Give More Space To Energy Security Investments As Tensions Rise – Citi Global Wealth

Amanda Cheesley Deputy Editor 18 April 2024

Give More Space To Energy Security Investments As Tensions Rise – Citi Global Wealth

The chief investment strategist and chief economist at Citi Global Wealth delves into the investment implications of the latest dramas in the Middle East.      

Citi Global Wealth predicts that financial markets will have immediately priced in a higher chance that conflict in the Middle East will widen. It expects higher risk premiums, following Iran's drone and missile attack on Israel last week. 

Tehran's move is a significant escalation of security risks in the region and an intensifying regional conflict, according to David Bailin, chief investment strategist and chief economist at Citi Global Wealth.

For global markets, the event was well-anticipated and the initial reports of casualties from the bombardment were few, Bailin said in a note. This may limit the response in financial markets. The largest impact of the conflict was always likely to be felt in the price of oil, Bailin said. He still expects financial markets to immediately price in a higher possibility of enlargement of the conflict through higher risk premiums.

Crude oil prices rose following news that Iran was going to fire its air assault. Afterwards, it was reported that Israel, along with the US, the UK, France, and other forces, had shot down the vast majority of the drones and missiles.  

Given the rapid timeframe for production and consumption of oil and related products, oil prices tends to move very sharply relative to actual supply impacts, Bailin said. As was the case following Russia’s invasion of Ukraine in 2022 and Hamas’s attack of Israel in late 2023, oil markets feared a larger supply disruption initially. These fears then faded as greater clarity over supply followed. While he cannot predict the future course of the Iran/Israel conflict, Bailin believes that there is a high probability that this pattern will unfold again.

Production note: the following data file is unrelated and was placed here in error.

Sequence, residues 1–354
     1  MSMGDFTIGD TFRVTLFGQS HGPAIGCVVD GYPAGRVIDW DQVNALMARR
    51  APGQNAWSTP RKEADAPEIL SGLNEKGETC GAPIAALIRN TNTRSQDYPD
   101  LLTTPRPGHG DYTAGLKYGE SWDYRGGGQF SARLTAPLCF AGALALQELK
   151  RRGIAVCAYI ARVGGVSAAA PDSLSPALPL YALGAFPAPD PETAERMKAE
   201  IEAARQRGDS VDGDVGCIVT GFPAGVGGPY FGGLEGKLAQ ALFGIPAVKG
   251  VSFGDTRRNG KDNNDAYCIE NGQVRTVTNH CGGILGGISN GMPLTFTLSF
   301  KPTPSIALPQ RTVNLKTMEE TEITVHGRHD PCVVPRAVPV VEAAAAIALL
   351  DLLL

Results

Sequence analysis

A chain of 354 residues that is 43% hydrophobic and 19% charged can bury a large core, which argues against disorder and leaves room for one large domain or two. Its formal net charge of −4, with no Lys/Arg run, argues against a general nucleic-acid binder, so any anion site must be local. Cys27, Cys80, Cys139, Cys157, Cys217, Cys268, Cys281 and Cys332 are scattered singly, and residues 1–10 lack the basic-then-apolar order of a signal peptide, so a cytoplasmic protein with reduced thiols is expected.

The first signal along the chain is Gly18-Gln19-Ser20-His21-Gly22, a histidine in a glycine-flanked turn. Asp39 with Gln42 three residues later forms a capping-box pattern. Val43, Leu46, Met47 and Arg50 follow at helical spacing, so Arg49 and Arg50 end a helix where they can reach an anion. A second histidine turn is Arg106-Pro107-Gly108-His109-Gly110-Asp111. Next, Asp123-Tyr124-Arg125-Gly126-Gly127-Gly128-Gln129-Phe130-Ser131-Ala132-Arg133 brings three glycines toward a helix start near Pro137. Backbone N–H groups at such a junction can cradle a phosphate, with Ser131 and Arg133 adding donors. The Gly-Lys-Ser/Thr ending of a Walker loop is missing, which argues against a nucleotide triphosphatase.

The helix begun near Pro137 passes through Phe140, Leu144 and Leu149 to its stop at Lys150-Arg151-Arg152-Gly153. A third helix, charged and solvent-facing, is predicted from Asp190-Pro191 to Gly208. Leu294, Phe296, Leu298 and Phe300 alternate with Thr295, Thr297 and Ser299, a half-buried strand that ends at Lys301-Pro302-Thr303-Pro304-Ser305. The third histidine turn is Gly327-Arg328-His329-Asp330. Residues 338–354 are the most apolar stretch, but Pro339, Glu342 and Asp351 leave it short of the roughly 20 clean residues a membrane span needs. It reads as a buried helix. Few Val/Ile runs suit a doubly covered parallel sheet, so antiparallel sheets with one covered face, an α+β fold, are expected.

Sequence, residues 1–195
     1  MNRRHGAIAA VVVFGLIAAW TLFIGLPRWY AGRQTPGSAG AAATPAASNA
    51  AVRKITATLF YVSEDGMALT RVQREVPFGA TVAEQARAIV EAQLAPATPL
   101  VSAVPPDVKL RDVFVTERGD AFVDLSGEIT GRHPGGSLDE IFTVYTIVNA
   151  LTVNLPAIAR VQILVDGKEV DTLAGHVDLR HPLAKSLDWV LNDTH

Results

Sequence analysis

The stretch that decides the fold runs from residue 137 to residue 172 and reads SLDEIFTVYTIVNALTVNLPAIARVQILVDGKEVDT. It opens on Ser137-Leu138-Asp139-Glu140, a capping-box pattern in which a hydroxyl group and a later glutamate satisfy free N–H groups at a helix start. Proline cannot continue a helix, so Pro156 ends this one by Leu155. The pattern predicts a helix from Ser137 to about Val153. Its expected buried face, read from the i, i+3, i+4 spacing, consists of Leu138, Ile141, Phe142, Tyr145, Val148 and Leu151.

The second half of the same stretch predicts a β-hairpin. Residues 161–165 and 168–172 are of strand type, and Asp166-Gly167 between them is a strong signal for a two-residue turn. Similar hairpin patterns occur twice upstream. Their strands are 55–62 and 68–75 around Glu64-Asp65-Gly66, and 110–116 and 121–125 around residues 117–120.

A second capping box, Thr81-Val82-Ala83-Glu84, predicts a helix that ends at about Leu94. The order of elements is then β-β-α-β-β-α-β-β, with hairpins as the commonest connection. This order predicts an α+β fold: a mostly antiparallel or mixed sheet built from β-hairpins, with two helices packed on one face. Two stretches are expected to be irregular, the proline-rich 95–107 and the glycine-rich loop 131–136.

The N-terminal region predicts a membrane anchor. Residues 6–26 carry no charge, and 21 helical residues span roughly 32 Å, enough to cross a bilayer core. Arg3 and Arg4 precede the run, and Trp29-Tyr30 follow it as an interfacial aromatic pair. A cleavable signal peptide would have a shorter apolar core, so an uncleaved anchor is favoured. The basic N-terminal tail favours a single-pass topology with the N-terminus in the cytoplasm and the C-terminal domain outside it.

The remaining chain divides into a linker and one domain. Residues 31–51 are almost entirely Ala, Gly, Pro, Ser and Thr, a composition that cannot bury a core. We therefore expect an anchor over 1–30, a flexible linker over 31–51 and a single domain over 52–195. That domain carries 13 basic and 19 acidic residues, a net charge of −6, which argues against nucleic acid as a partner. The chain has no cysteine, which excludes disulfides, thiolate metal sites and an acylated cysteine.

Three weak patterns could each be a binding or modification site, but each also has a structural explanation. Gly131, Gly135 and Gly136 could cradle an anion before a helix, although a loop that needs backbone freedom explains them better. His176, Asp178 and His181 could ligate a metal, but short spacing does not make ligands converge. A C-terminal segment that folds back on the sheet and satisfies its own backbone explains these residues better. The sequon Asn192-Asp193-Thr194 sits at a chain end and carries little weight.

Bailin thinks the geopolitical risk to oil supplies suggests a greater need for investment in energy security – redundant energy supplies – even as energy demand is being satisfied by a new mix of energy sources. Russia and Iran depend on petroleum exports for revenue and, unlike the 1970s, the US has risen to become the world’s largest petroleum producer. A repeat of the energy rationing, inflationary recession of 1974 is therefore unlikely. 

Bailin advises global investors to consider regional security events and global economic activity independently. Multiple conflict zones and economic growth have generally co-existed for much of history. Less than 10 per cent of significant geopolitical shocks and conflicts have changed the direction of the world economy. Most have had very short-lasting impact on financial markets.

Bailin highlighted how security risks to world oil supplies represent a danger, and energy-security investments deserve a larger place in portfolios than otherwise. At the same time, the majority of the world’s petroleum supplies no longer rest in the hands of one cartel or country â€“ consequently, the possibility of an inflationary recession, as seen during the OPEC embargo of 1973/1974, is notably less, he added. See more commentary here on the impact of the Iranian air strikes. 

Market Update: US Inflation Scare
The US consumer price index (CPI) rose for a third consecutive month in March, exceeding expectations and stoking inflation fears. The US Federal Reserve says it needs to be confident that its preferred measure of inflation is, at last, on its way back to a 2 per cent. This means that a rate cut before July is unlikely, Bailin said. 

Bailin thinks an “inflation scare” is creating opportunities in high grade intermediate bonds which he believes offer good value to investors in this current environment. Equity risk hedges – for suitable investors – also appear attractive and historically cheap, he said. 

Investing in economic development – generating capital appreciation and income – is still the paramount opportunity for wealth preservation and growth. The precise number of rate cuts in the remaining eight months of 2024 is trivial by comparison, Bailin added.

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